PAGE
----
Allyson Johnson

Pieces of my Mind

Archive for the tag “vacation”

Freeway Free in Colorado: The Other Side of the Rockies – Grand Lake

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Most non-Coloradans probably think of Denver when they think of the Rockies – the wonderful postcard panorama of the city’s skyscrapers dwarfed by the huge mountain range rising abruptly out of the Great Plains. Some might think of the Air Force Academy in Colorado Springs, another tourist magnet.  If they get as far as Rocky Mountain National Park, most only  make it as far as the hiking trails around Bear Lake before turning back to Boulder or Ft. Collins or Colorado Springs or other east side centers.  But there is a lot to appreciate on the western slope of the Continental Divide.

We planned to eat lunch at the Trail Ridge Store at the Alpine Vistors’ Center, but we were delayed by road work as we slugged up and over the summit of the Continental Divide in Rocky Mountain National Park.  By the time we arrived, but the parking lot at  visitor’s center was full to over-flowing, and the  presiding ranger politely but firmly turned us away.  We coasted down the other side of the summit hoping at best for a coffee shop in Granby when my ravenous sister spotted a sigh for the Grand Lake Lodge – “Lodging/ Cocktails”. Where there is a bar, she reasoned, there must be bar food.  And thus we happened on  a hidden treasure on the west side of the divide.

The lodge itself is worthy of comparison to the great lodges of the National Parks such as the Ahwahnee at Yosemite and Old Faithful Inn at Yellowstone.  It is built of local timber, and features an expansive veranda billed as “Colorado’s Front Porch.”  The veranda looks out over the lodge pool and the Grand Lake – a spreading expanse of blue shining far below the deep veranda of the Lodge.

Inside is a huge gathering room, with quaint twig-and-slat rockers circled around a huge firepit.  Since the weather was excellent, we elected to eat on the porch with that great view, but we could imagine on a cold or wet day how comforting that fire would be.

On separate trips to Grand Lake, we also discovered the eponymous town, a hyper-quaint log village beside the lake.  It boasts a wonderful ice cream shop (very welcome after hiking the nearby trails) as well as an informative museum of local history and an excellent repertory theater which offers three or four musicals rotating over the course of the summer, with cast members recruited from university theatre companies all over the country.  This summer we were there for “West Side Story” and lucked into Cabaret night, when the audience is invited to join the cast members after the show for some bonus music, each cast member presenting their own favorite song.  The performance is free, and the wine/beer bar is open.20171022_154109web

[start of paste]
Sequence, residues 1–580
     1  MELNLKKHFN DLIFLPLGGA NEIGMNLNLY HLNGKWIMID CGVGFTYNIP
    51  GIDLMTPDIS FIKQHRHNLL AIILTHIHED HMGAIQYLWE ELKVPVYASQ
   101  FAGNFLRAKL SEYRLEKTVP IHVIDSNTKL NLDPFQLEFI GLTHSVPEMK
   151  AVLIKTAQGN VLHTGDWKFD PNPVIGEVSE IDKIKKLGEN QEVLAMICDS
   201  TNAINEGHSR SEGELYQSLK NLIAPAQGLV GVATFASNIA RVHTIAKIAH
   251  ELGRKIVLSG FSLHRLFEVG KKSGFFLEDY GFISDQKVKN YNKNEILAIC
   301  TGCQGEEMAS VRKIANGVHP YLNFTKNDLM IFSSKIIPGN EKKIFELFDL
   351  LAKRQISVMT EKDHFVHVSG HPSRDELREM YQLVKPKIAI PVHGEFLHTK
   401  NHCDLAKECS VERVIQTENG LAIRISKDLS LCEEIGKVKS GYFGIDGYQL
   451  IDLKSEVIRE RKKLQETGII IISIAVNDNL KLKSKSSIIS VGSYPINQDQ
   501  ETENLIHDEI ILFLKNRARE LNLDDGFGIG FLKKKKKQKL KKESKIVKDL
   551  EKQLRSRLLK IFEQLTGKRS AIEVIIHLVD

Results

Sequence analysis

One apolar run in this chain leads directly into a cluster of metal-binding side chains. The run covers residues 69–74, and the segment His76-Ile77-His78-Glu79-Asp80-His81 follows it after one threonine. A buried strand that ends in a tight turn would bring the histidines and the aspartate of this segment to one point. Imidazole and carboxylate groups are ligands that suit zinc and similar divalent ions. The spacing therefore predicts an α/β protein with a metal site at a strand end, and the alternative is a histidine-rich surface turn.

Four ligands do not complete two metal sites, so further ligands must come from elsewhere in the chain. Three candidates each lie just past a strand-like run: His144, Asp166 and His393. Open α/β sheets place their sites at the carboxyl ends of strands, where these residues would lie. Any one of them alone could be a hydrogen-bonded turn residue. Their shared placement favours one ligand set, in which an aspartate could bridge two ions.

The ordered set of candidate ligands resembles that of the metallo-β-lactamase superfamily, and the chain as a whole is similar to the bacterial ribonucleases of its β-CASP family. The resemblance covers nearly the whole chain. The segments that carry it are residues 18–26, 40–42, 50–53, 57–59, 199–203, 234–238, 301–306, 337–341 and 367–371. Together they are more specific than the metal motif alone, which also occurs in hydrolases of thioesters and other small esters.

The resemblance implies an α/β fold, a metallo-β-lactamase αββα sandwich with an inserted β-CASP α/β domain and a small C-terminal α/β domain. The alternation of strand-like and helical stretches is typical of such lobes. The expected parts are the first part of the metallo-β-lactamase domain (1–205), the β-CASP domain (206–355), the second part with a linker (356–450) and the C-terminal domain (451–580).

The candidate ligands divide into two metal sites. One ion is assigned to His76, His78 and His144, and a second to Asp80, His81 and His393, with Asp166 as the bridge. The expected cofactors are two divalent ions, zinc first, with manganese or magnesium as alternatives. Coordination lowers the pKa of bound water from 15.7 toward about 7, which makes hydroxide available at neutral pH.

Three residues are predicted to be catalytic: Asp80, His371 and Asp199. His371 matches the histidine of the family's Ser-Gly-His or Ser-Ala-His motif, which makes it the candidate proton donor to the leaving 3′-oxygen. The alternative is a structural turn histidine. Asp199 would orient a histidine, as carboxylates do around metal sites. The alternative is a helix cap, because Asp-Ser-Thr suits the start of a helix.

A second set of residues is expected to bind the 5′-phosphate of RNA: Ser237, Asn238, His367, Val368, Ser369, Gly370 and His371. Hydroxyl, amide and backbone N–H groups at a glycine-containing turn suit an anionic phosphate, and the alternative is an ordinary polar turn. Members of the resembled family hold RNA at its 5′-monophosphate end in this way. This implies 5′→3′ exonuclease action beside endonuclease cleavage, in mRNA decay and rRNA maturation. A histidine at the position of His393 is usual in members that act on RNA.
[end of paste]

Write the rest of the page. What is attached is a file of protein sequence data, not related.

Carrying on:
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Freeway-Free in Colorado: Boulder Beyond the Campus and the Mall

Chatauqua Hall

Chatauqua Hall

The Flat Iron Mountains loom over Boulder’s western side, and many of the hiking trails in and around these peaks begin or end at the equally picturesque Chatauqua Institute.  This is a wonderfully conceived set of Victorian-era buildings arranged around a grassy meadow with the intent of promoting adult education in a healthful and beautiful setting.  It has been in continuous operation since the late 1800’s, and continues to fulfill its mission with artists-in-residence, concerts, films, and as a bonus, delicious food available during the temperate months on a wide veranda overlooking the meadow, and in the cold season inside a cozy lounge with a huge stone fireplace. 20170817_181344web

The films and concerts take place in a huge beamed barnlike structure which has burned several times over the history of the Colorado Chatauqua , but has always been reconstsructed in the spirit of its predecessors – think of a giant barn with good acoustics and lighting.   On a recent summer evening I attended a showing of a couple of Buster Keaton silent films, with an expert live piano accompaniment providing authenticity.  The audience of about 500 only half-filled the vast space, but the gleeful giggles of the kids seeing Keaton’s acrobatic pratfalls for the first time filled the space beautifully.

 

For  a different kind experience, visit the Celestial Seasonings factory just north of Boulder.  Here you can sip samples of dozens of different teas, and take a tour of the factory where the teas are stored, processed, boxed, and prepared for shipment.  Be warned:  If you are sensitive to odors you may be in for sensory overload here;  on the other hand if you are suffering from nasal congestion a few moments in the special room where the mint tea is stored will clear you out amazingly.

If you are interested in  more modern types of architecture, the National Center for Atmospheric Research is just a bit further up the road from the Chatauqua Institue, in a fascinating building designed by I. M. Pei.  The group of rectangular forms juts out of a ledge of the Flat Irons as though created by some upheaval.  The exterior is made of red sandstone that blends perfectly with the surrounding rocks, and the views from the exterior plaze and the restaurant inside are to die for.  I have not eaten at the restaurant, but with that view how could the meal be less than delightful?  The exhibits explaining how cyclones form, how ocean currents affect climate, and so on, are also interesting, though you will likely have to compete with a busload of elementary school field trippers to get close to them. 20170727_105455doc